A mother’s breastmilk supply typically starts to slow down by the five-month mark. However, it doesn’t mean a complete halt to the milk supply. It means that you have to consider including additional nutrient sources into the baby’s diet. It could include formula, or even pureed solid foods as they traipse into their six-month mark.
However, there is a lot more you have to consider. Typically, you need to focus on once you deliver your newborn that you are pregnant with now. Since they will need the colostrum and will solely depend on breastmilk, focus on nursing the new baby first before you nurse your older baby.
If required, you might also have to halt your older child’s breastfeeding for the first few days after your newborn is delivered. This ensures that your newborn is getting all the colostrum and the necessary nutrients and immunity-boosting elements they need.
3. Take it Easy
Breastfeeding in itself is quite a hard work and a tedious task for the mother. Now, imagine being pregnant while you are actively breastfeeding. It is tiring work for the mother and can get very hard at times.
It isn’t something to be worried about unless the symptoms take a turn for the worse. That said, one of the important tips to remember when breastfeeding while being pregnant is to take it slow.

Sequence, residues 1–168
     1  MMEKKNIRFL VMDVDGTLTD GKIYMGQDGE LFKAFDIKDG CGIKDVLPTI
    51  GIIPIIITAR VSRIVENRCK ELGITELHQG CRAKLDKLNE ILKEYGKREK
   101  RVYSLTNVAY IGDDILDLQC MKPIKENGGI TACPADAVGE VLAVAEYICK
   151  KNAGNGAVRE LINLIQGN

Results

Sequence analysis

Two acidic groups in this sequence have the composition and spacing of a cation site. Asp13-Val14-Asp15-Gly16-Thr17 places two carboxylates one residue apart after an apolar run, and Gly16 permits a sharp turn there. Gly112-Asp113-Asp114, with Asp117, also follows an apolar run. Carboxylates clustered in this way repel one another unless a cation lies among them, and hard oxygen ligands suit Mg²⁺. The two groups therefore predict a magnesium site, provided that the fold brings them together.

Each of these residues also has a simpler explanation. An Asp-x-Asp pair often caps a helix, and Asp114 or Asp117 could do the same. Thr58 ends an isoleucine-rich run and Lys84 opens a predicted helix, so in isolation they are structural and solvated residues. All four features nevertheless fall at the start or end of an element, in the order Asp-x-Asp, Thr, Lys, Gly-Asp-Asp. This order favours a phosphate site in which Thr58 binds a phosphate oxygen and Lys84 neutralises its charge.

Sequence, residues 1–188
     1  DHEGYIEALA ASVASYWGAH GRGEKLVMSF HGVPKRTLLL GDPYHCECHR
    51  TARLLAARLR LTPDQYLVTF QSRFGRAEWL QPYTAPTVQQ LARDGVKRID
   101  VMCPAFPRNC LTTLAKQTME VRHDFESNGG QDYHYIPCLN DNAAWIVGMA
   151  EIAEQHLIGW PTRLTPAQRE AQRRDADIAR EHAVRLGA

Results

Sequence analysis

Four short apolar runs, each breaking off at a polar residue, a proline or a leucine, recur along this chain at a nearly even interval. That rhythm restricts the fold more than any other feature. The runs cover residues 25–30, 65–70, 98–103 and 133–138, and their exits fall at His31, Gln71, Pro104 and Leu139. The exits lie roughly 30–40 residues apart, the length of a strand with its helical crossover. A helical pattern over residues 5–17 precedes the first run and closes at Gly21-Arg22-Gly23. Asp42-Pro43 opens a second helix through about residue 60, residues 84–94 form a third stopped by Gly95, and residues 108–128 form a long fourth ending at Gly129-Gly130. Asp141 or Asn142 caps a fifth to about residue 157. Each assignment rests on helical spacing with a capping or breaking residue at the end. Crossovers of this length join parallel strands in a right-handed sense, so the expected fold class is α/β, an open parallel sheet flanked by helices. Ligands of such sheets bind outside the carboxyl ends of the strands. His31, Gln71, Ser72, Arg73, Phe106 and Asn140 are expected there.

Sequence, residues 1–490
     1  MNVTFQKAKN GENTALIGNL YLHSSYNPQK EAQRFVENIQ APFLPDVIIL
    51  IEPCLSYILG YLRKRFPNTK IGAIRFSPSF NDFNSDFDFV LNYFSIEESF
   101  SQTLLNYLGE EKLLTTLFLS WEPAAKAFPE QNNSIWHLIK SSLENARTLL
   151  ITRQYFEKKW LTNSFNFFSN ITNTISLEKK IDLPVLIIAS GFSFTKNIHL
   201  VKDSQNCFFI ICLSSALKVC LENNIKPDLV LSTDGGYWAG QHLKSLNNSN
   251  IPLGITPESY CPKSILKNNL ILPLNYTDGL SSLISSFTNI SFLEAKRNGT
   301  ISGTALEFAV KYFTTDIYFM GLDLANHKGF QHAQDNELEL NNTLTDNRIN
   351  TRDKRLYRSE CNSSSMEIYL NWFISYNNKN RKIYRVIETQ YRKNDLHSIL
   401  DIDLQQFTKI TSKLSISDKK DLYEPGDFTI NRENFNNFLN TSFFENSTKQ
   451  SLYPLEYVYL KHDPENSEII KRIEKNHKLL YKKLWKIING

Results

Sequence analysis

Handling a baby and a developing pregnancy can take a toll on the body. So, when it comes to nursing your baby, focus on finding somewhere you can lie down, relax and then breastfeed. Don’t put excess strain on the body, especially with the progress of the current pregnancy.
If you find it hard to breastfeed your baby consistently throughout the day, we’d recommend switching to the formula for a few feedings in the day. You can also pump your breastmilk and bottle feed the baby so you can relax and take things easy for a few hours. The latter comes in handy as you progress through the pregnancy months.
4. Focus on your Diet
We are all aware of the advantages of breastfeeding are not just for the baby, but it has an equal amount of benefits for the mother. When you are juggling dual tasks like breastfeeding and growing a baby inside you, focusing on your diet isn’t a choice anymore, it becomes a necessity.
Pregnancy itself demands the mother to eat a filling and balanced diet. So, when you are breastfeeding, the need for eating more calories throughout the day becomes inevitable. Both pregnancy and breastfeeding can be very draining of energy, so ensuring that you are eating healthy is very crucial.